studies directed to children with CD found that 80% believed they had
underachieved because of their CD and 67% were unable to participate fully in
sports, for reasons including fatigue and the presence of a stoma. Young
individuals with CD also often tend to withdraw themselves from social
activities, with examples including the refusal to attend events that require
long-distance travelling or lack toilet facilities, and the hesitation to stay
at a friend’s house (Rabbett et al., 1996 and Moody et al., 1999). Research with similar
aims but conducted on adults is lacking. The uncomfortable and disabling
physical and psychosomatic symptoms of CD, diminished body image and worries
that CD will reduce libido, and compromise intimacy, sexual performance and
relationship quality are factors that may affect relationships in those with
CD. (Jedel et al., 2015). 74.8% of women and 51.4% of men with IBD face body
image issues, and 57.6% of participants reported that IBD hindered the
frequency of their sexual activity (Muller et al., 2010)


quality of life


The WHO defines HRQOL as ‘an individual’s perception of their position in life in
the context of the culture and value systems in which they live and in relation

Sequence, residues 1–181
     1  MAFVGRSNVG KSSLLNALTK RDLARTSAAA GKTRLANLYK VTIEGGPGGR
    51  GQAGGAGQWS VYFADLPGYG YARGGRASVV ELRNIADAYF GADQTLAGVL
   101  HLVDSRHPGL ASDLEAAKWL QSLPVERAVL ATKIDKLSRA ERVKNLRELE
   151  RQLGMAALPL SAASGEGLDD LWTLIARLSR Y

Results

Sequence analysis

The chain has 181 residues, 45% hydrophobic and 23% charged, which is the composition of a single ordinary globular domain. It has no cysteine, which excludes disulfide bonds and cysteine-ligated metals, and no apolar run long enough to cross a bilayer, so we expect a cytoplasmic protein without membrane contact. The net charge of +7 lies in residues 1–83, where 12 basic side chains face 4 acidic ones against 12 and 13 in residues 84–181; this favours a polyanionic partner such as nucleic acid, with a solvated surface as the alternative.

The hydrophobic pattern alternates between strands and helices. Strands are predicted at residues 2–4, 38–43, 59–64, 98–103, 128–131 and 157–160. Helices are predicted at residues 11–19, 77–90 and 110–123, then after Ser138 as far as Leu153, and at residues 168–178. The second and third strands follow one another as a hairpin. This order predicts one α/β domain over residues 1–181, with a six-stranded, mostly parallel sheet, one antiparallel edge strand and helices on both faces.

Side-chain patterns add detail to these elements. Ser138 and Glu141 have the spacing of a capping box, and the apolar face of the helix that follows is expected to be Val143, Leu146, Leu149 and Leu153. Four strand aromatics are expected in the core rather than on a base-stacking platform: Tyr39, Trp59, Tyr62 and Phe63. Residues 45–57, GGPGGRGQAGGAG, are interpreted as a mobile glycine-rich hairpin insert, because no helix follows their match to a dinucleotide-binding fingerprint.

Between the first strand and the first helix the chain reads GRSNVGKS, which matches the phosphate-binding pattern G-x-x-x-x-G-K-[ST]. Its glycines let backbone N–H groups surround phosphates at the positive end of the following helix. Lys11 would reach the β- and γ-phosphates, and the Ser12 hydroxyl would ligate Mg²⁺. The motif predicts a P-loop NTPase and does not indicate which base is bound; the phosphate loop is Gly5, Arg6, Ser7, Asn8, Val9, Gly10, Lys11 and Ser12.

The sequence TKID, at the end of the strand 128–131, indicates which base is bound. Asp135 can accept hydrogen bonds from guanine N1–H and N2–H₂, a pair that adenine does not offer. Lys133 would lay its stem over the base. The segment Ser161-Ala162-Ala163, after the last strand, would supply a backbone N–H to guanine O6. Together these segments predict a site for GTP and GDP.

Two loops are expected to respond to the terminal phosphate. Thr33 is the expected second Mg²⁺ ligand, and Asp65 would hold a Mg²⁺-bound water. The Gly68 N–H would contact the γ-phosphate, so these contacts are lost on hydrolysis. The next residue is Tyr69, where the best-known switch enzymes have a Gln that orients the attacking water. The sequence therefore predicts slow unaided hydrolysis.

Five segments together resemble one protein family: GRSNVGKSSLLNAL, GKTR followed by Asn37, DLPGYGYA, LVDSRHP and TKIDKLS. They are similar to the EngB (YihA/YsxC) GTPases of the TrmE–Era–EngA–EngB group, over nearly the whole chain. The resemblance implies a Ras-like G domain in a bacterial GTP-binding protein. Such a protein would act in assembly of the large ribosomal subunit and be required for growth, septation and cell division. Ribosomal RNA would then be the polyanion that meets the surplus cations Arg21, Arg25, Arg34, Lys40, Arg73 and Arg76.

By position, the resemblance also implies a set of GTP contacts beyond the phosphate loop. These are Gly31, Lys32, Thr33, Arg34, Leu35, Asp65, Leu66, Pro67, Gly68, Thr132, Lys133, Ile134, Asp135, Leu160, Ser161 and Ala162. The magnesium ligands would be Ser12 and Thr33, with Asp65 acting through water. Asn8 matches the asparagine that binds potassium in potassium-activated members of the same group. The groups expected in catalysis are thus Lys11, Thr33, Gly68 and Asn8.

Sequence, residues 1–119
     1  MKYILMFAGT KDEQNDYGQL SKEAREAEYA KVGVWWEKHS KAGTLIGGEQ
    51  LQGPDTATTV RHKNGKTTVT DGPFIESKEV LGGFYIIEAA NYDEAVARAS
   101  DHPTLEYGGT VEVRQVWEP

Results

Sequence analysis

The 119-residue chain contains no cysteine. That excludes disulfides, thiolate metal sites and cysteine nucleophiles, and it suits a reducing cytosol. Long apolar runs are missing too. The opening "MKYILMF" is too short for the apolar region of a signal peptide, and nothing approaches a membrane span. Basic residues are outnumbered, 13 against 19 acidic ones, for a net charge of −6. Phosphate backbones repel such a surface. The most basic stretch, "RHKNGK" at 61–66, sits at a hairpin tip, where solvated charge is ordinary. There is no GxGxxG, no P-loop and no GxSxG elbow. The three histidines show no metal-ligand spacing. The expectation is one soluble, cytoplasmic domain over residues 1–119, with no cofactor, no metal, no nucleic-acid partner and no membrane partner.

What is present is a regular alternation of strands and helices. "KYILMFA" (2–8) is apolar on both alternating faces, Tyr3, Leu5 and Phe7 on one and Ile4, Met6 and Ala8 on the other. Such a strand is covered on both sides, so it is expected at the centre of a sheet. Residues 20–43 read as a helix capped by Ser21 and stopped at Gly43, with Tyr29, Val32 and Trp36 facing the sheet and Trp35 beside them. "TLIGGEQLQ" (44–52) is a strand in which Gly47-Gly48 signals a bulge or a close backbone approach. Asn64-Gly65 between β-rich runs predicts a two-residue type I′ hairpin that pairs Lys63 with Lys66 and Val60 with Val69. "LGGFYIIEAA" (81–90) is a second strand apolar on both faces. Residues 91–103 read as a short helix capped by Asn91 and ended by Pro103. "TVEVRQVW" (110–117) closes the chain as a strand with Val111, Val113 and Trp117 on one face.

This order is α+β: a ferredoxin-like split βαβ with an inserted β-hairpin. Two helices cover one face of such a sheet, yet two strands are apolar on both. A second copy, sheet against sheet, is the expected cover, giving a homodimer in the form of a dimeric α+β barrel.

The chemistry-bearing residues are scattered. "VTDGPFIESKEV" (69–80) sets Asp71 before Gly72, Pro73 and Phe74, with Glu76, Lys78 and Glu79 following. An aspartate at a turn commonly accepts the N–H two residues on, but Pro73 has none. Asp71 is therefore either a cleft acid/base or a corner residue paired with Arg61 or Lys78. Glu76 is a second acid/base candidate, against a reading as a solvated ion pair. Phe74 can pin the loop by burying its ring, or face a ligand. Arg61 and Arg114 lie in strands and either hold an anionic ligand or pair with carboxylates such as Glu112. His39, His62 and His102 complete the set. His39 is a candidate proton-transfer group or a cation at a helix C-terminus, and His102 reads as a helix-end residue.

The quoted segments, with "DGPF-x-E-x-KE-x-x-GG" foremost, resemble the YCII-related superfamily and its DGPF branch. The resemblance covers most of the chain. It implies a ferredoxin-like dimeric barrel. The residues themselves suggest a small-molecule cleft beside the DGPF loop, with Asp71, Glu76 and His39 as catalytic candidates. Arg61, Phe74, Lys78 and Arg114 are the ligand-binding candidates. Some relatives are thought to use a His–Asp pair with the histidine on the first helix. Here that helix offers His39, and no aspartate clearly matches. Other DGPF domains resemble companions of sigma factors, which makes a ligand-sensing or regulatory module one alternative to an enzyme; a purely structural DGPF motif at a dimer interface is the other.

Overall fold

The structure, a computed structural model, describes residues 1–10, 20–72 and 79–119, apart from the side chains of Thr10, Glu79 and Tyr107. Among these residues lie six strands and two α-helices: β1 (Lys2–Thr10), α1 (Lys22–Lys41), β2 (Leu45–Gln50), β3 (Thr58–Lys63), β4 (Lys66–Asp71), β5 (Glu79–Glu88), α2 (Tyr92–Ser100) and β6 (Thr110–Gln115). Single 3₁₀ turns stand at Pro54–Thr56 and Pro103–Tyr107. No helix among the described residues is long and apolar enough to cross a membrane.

to their goals, expectations, standards and concerns” (Saxena and
Orley, 1997). The conventional approach by health care professionals was allopathic,
focusing on the suppression of pathologic processes and achieving clinical
outcomes. A more holistic approach has become more appropriate with the aim of
improving HRQOL and various instruments have been developed to assess the
effects the disease implicates on an individual’s life. HRQOL instruments are
constructed to measure various health domains: physical, mental and social well-being.
The effect that a condition has on these domains is identified by assessing the
extent of the condition has on friendships, relationships and difficulties in
daily functioning (Muragundi et al., 2012).


Application of HRQOL measures

The measures
acquired by HRQOL instruments can be utilised in numerous ways. HRQOL measures
are used to quantify the extent that condition impacts an individual’s life and
compare the consequences with other chronic conditions.


HRQOL instruments
are two types of instruments used to assess HRQOL: generic and
disease-specific. Generic HRQOL questionnaires broadly measure general health in
terms of physical and emotional functioning, and are developed to be applied
and compared amongst general populations, and also between different disease
populations. Disease-specific HRQOL instruments are vital when measuring HRQOL
in a population of patients with a particular condition as they incorporate the